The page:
I have a pale dusty-blue gauze curtain in my writing room window, which allows me to look out yet not be readily seen, lets daylight in, and makes a wee bit of a buffer for the cold air in winter.
In wondering what to launch my writing with today, I figured I’d look at one of the many blogs I have started, that await completion. Then I looked up at my curtain and there in the wrinkly texture of the fabric, I saw the word, ‘Story.’ On a forty-five degree slant down from left to right, in a jaggedy font, I saw ‘Story.’ Like a shape in the clouds, no one else may be able see it, but I did.
How cool is that? There were stories at the Board meeting this a.m., a friend has stories to tell me about the wild City Council meeting on Tuesday, always Story. My podcast co-host and I caught up our stories with each other yesterday at the radio station. The Jimmy Webb song I’m learning, Wichita Lineman, is a story and the life of the song itself is a plethora of stories. Most songs are stories.
Country music legend, Harlan Howard’s quote that “a great country song is three chords and the truth,” is oft-repeated. Harlan was interested in story early on, being an avid reader since childhood and having “an ear for a telling phrase.”
A friend told me that some in her book club thought one of the novels by T. Coraghessan Boyle, who has won more awards than I have fingers and toes, was implausible because that much bad cannot happen to one person. So for stories to be believable do they have to be similar to our own, or something we can relate to? Like the Syrian family who’s boat capsized as they fled for their lives across the Mediterranean Sea to reach Greece, leaving the young father to see his three year old son’s body washed up on shore in Turkey, later to find his wife and other son had also drowned? Many of us saw that on the news, and were not only stunned but grateful that story was not our own. The stars in the sky are easier to count than the scenarios that fit into the “how did they ever live through that?” category.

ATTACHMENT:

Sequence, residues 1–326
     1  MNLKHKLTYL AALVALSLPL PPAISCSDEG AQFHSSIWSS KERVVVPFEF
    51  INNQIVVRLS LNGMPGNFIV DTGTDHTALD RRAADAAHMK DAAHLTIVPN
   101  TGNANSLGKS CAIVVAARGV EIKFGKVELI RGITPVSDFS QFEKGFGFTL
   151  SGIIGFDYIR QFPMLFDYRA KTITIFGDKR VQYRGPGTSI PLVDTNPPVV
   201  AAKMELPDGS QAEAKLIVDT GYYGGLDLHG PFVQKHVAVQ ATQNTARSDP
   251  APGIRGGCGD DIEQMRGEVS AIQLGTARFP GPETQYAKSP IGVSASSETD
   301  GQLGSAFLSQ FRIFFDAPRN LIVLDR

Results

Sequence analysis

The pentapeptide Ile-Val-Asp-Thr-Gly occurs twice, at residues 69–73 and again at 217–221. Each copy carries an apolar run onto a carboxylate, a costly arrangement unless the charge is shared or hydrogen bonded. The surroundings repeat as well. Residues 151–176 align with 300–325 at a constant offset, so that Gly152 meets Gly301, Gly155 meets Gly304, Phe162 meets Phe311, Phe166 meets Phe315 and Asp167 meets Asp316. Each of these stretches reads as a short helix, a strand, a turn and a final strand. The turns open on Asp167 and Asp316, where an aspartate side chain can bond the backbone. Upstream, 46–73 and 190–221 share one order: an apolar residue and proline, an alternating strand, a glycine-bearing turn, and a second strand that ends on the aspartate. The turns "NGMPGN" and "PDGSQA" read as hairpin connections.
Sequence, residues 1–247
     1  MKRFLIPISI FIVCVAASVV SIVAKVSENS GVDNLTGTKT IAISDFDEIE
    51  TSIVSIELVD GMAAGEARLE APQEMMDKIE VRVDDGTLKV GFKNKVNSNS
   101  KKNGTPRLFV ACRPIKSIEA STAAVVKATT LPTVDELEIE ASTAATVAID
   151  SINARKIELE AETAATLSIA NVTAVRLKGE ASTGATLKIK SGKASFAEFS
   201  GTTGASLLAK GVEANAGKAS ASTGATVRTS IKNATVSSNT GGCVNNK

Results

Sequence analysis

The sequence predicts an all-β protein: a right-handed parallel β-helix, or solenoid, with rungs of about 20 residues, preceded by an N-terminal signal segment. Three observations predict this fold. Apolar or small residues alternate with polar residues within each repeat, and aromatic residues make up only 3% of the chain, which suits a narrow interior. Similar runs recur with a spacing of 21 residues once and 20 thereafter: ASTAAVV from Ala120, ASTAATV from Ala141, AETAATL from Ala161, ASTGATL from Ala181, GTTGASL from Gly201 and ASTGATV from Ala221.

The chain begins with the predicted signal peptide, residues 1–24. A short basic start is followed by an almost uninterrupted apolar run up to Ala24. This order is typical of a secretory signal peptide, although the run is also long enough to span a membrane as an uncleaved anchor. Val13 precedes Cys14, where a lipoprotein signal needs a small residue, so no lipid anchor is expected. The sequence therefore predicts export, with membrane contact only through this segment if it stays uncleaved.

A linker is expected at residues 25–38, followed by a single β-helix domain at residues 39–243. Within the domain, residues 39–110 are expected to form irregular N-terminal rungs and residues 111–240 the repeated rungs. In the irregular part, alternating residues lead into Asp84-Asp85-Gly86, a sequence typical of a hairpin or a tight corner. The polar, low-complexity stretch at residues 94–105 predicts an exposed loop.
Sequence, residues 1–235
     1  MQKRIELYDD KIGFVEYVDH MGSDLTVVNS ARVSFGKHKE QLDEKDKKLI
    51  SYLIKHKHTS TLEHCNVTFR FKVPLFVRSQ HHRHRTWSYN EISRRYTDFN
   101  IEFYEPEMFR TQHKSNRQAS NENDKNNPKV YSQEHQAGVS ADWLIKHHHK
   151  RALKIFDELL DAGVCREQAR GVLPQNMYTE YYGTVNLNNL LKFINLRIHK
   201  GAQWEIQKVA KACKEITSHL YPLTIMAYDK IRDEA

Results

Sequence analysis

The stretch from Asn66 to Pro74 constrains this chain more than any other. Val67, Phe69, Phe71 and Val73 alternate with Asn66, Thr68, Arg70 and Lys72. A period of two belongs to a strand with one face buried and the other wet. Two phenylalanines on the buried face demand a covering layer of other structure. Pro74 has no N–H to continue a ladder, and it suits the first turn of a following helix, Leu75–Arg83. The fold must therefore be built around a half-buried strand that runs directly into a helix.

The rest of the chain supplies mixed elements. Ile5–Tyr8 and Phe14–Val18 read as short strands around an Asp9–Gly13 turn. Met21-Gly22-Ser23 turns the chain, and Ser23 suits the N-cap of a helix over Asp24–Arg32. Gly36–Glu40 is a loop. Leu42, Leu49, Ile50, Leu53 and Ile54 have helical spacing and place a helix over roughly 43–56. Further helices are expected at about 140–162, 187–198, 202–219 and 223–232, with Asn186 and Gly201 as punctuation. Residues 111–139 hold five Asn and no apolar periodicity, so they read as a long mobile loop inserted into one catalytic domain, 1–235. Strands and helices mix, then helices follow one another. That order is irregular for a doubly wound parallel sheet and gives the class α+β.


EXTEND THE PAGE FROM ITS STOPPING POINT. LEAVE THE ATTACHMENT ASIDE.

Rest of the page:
Story – contains our humanity, recalls it, records it, and reminds us of our own.
“I fall to pieces each time someone speaks your name.”
Story. It all comes back to story, often with questions. Is the story true? How could that be? What is the human component? If the actual story isn’t provably true, the story is the vehicle for the human truth contained within it. Such as Ananzi the spider smashing a gourd on the ground, which releases all the common sense stored in the gourd out into the world; an explanation for the truth, if you will, being that some people have common sense, while others appear to have little.
As a professional storyteller, after I would perform in elementary schools, often students came up to me with seeking eyes to ask, “Is that true?” Animal tricksters, gossiping trees, tall tales, legends. I would answer, “There is truth in every story I tell. Flying donkeys may not actually exist, however, there is a lesson or an element that is true that we need to know. That’s why we tell stories that are thousands of years old: they contain human truths that we need to hear.”
Is fiction really fiction? Arguably, yet it contains human truths that we need. That’s why there are best-sellers, be they romance, detective, historical, fantasy, thrillers, super-heroes, or westerns. We crave those truths, and are intrigued, interested, or captivated to observe characters going through all the machinations to get to them, while we safely turn the pages. Granted, some truths are really difficult to accept. A recurring theme for me, I’ll be coming back to this concept. Truth – belief – choice.
“I fall to pieces each time someone speaks your name.
I fall to pieces, time only adds to the flame.”
Ah, Harlan and his three chords.